Ranjan K Baruah
A disaster is a serious problem occurring over a period of time that causes widespread human, material, economic or environ- mental loss which exceeds the ability of the affected community or society to cope using its own resources. Disasters are routinely divided into either "natural disasters" caused by natural hazards or "human-instigated disasters" caused from anthropogenic hazards.
Examples of natural hazards include avalanches, flooding, cold waves and heat waves, droughts, earthquakes, cyclones, landslides, lightning, tsunamis, volcanic activity, wildfires, etc. Examples of anthropogenic hazards include criminality, civil disorder, terrorism, war, industrial hazards, engineering hazards, power outages, fire, hazards caused by transportation, and environmental hazards.
We should know that globally, over 700 million people in low-lying coastal areas and Small Island Developing States are exposed to extreme sea-level events, including tsunamis (World Health Organization, 2019). An early warning system can be effective only when the population is well aware of tsunami risk and knows what to do in case of an emergency. This means ensuring that at-risk populations have equal access to information and evacuation routes (United Nations Educational, Scientific and Cultural Organization, 2022).
Inequality creates the conditions that lead people to become exposed and vulnerable to disasters, such as tsunamis. The poorest and most at-risk are disproportionately impacted, thus furthering inequality. Reducing vulnerability to disasters includes addressing poverty, exposure and vulnerability.
Like any other natural disasters, tsunamis pose a significant threat to all of us, but they are particularly dangerous for certain groups of people, such as women, children, people with disabilities, and older persons. The main objective of this year's World Tsunami Awareness Day (WTAD) which is observed on 5th November is to raise consciousness about reducing the risks created by these giant waves and improving community preparedness.
In December 2015, the United Nations General Assembly designated 5 November as WTAD, calling on countries, interna- tional bodies and civil society to raise tsunami aware- ness and share innovative approaches to risk reduction. The day was the brainchild of Japan, which due to its repeated, bitter experience has over the years built up major expertise in areas such as tsunami early warning, public action and building back better after a disaster to reduce future impacts. UN Disaster Risk Reduction (UNDRR) facilitates the observance of WTAD in collaboration with the rest of the UN system.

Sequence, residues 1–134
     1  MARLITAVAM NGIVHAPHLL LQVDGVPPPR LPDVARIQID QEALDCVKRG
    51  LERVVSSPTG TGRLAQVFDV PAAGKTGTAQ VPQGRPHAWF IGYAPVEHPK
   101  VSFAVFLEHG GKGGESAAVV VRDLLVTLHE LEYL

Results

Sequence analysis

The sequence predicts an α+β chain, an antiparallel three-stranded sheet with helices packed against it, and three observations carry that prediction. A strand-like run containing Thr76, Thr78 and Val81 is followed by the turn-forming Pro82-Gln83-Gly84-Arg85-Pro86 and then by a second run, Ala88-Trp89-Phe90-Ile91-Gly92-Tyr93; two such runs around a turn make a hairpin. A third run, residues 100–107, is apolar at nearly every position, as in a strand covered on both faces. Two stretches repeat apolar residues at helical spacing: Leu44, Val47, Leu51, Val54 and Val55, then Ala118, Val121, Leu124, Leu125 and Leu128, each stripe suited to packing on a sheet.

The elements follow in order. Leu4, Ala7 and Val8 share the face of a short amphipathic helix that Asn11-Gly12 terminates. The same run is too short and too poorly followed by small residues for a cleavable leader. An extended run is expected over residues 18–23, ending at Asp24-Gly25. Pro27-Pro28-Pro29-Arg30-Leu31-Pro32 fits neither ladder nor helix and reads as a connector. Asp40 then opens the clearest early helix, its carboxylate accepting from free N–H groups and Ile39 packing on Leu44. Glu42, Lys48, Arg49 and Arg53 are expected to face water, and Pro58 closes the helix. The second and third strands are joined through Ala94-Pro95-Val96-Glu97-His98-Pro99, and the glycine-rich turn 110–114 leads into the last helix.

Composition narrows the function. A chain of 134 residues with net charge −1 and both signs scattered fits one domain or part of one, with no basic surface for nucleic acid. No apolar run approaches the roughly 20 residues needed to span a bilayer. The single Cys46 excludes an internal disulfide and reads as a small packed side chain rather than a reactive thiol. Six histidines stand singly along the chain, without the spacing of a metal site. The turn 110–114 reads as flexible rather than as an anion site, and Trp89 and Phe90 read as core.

Although tsunamis are infrequent, they can have devastating consequences. In the last century, only 58 tsunamis have occurred, but they have claimed over 260,000 lives. On average, each disaster has caused the death of 4,600 people, more than any other natural hazard (United Nations, 2022).
This year's WTAD theme is "Fighting Inequality for a Resilient Future," which mirrors the subject highlighted during the International Day for Disaster Reduction. The obser- vance encourages all sectors of society to engage and collaborate on disaster risk reduction. Disaster Management courses can be pursued at undergraduate, postgraduate, diploma, and certification levels.
It is not possible to fight natural disasters but our preparedness would certainly help reduce the impact. There are different career opportunities related to disaster management including tsunami. One may work with the early warning system to rehabilitation work post disasters. There are also demands of health workers to support and take care of families and individuals who suffer most from disasters like tsunamis. The best thing is that the progress of science and technology helps us to predict many disasters for which people who might be affected are relocated before the time of disasters like cyclones.
(With inputs from UN publication. The writer can be reached at bkran[email protected]
for any career related queries)